Wonderful gifts for those of us with the privilege of easy access to fresh, clean water. After a bath, shower or swim, one can feel like a new person, ready to face whatever comes next. Tomorrow is the Sunday when Christians remember the baptism of Christ in the river Jordan by his cousin John. It marked the beginning of his public ministry. Jesus didn't need to undergo John's baptism of repentance, but he wanted to be alongside those who did, fully immersed in being human.

Without water we couldn't live, so it's not surprising that most of the world's religions use water in a variety of symbolic ways. This is certainly true in the Jewish religion in which Jesus was brought up. One of the blogs I follow is that of Velveteen Rabbi, written …

Punching Holes in the Darkness

Have you heard the story about the Scottish writer Robert Louis Stevenson? As a young boy he used to watch the lamplighter lighting the village street lights below his house. He would say to his mother,
"here comes the man who punches holes in the darkness".This is one of the best pictures of epiphany that I know. Epiphanies are when we experience a hole punched in darkness so we see something or someone in a new light. What we didn't or couldn't see before is suddenly revealed to us. We all have those moments from time to time. Sometimes such moments are life-changing.

For Christians, today 6 January is the Feast of the Epiphany, a celebration of God punching a hole in the darkness. The story of the wise men from the east who were led by a star to find and worship a baby in Bethlehem is well-known. They represent all of us who were not there when Jesus was born but are drawn to him by whatever light we are given. For those who find him life can never be the same again…

More haste, less speed?

3 former 'flying bishops' in the Church of England were received (as lay members) into the Roman Catholic Church on 1 January 2011. They will be ordained deacons on 13 January and priests on 15 January. 2 weeks as lay members before ordination and 2 days as deacon before priesting!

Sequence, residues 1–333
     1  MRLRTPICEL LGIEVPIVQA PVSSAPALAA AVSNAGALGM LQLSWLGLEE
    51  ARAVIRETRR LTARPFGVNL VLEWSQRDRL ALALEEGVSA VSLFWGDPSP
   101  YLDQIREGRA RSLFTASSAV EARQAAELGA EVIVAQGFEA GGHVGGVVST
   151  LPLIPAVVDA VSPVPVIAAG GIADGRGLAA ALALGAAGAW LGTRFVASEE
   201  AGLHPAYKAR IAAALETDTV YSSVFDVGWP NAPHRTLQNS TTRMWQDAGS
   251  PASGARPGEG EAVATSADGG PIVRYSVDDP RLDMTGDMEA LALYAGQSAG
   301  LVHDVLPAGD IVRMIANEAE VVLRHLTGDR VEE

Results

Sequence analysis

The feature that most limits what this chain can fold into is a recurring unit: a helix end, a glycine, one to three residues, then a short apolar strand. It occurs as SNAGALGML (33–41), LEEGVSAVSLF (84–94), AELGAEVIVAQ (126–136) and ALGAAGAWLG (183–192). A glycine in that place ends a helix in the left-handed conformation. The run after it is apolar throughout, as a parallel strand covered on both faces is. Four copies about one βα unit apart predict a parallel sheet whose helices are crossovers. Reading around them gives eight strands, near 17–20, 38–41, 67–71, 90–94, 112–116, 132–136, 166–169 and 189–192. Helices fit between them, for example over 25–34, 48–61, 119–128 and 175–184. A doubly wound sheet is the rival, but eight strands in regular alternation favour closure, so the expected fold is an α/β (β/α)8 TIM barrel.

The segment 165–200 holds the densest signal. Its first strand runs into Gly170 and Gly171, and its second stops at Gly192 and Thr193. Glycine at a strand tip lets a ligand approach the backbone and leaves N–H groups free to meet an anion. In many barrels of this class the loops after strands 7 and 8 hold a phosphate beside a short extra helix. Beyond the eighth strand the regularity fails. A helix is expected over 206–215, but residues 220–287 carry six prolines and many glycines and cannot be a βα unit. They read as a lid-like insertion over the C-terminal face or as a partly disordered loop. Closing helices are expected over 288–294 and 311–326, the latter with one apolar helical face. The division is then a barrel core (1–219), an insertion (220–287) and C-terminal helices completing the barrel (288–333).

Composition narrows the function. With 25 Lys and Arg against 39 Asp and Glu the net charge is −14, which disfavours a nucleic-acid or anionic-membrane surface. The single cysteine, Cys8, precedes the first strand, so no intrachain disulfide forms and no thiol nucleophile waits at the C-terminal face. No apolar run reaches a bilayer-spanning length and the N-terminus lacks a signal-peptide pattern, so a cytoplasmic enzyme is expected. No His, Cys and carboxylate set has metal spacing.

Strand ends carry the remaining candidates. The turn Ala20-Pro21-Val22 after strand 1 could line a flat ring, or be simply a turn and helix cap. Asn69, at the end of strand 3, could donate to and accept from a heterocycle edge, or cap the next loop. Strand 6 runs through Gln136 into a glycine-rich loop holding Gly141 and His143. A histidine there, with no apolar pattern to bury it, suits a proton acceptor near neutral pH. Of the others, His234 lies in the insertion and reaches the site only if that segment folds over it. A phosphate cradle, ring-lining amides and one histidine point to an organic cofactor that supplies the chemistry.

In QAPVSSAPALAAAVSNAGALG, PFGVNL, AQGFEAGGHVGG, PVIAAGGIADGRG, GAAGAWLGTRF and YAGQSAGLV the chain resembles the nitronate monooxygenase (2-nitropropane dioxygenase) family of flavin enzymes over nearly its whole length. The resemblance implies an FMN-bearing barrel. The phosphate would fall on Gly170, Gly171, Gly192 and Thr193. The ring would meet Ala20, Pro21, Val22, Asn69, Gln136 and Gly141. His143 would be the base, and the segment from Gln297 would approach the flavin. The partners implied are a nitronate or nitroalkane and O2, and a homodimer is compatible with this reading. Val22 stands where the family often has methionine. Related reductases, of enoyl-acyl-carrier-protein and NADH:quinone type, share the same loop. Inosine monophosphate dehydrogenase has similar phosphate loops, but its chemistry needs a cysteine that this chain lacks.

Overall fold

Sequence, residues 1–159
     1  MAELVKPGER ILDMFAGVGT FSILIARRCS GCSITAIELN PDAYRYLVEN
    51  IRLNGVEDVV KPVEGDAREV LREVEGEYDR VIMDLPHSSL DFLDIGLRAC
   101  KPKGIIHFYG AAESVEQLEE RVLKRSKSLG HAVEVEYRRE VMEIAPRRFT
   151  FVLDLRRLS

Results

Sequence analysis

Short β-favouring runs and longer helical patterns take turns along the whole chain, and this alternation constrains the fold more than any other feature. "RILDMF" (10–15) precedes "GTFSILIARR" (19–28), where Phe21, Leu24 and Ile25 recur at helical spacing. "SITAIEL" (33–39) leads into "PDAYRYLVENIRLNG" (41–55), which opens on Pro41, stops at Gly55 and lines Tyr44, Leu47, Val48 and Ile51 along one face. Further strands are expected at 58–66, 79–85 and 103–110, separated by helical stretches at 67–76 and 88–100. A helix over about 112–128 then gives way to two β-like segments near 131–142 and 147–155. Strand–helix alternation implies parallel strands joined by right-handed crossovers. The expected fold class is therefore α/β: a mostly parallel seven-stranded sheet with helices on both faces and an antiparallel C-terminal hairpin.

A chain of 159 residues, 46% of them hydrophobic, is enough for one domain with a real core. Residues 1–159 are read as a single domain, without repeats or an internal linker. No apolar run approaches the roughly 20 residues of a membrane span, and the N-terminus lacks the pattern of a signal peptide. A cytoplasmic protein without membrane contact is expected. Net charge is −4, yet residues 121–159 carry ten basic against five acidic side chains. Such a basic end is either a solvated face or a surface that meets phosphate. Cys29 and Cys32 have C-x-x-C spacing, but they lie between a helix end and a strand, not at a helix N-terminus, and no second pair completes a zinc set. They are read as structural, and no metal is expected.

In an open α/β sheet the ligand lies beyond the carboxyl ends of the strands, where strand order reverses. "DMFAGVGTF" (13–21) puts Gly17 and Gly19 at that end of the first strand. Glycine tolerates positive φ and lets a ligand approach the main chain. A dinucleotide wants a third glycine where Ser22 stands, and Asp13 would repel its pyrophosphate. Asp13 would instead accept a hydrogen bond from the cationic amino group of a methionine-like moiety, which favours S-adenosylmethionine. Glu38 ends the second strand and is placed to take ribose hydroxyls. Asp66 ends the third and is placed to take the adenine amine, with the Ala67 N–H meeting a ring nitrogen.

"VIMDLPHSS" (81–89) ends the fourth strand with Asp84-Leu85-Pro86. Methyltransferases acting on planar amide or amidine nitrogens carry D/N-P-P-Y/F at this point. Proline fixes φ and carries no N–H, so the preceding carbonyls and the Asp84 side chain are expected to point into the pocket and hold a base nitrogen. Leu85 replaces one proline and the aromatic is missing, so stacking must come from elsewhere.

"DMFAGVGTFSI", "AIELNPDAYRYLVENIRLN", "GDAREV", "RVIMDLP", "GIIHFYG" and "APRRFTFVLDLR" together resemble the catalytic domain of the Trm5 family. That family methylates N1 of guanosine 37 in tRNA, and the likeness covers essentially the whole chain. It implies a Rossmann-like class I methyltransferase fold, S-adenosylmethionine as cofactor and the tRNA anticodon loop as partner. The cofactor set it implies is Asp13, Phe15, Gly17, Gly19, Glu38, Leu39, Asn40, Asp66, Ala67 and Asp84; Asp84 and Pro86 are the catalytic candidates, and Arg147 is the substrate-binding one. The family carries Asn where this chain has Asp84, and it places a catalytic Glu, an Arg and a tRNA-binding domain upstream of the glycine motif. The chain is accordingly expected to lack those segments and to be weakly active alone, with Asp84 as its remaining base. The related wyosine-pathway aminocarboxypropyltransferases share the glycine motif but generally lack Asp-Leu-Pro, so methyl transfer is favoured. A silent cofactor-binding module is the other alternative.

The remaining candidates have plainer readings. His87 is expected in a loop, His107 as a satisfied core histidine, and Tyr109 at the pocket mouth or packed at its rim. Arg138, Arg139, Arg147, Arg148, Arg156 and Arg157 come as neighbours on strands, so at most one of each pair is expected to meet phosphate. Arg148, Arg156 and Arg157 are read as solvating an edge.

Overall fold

Is this a record? I served 12 months as a deacon before priestly ordination. Many of my sister clergy who felt called to be priests served as deacons for 6 years (1988 to 1994) before being allowed to be ordained priest. By then the male colleagues with whom they had trained had been priests for 5 years. I can't help making the comparison, though I have to acknowledge that the 3 men to be ordained deacon (again) and priest (again) in Westminster Cathedral have considerable experience. I feel sad that Andrew Burnham, John Broadhurst and Keith Newton felt they must leave the Church of England. I hope they will find joy in their new calling and be a blessing to others. But I do wonder if this is a …

The Archers and having a 3rd nipple

Are you an Archers fan? If you are, you belong to a special species of listeners to BBC Radio who can't get by without a daily fix of this everyday story of countryfolk. If you suffer from this addiction, don't worry. According to The Times columnist David Aaronavitch (BBC radio 4 interview today) liking the Archers is no worse than a mild congenital abnormality, like
"having a third nipple".The Archers has now passed its 60th birthday and is the longest running BBC radio soap. I grew up with the Archers and for years later was a loyal listener. I'm pleased it's still going, even if I've stopped listening regularly. I've fond memories of the programme and if I catch it by chance on the car radio I enjoy a catch up. I had intended to tune in to the 60th birthday edition to discover what the event was that would shake Ambridge to its core, but I forgot. I heard a rumour that Nigel fell off a roof, but why or with what consequence I don't know and fra…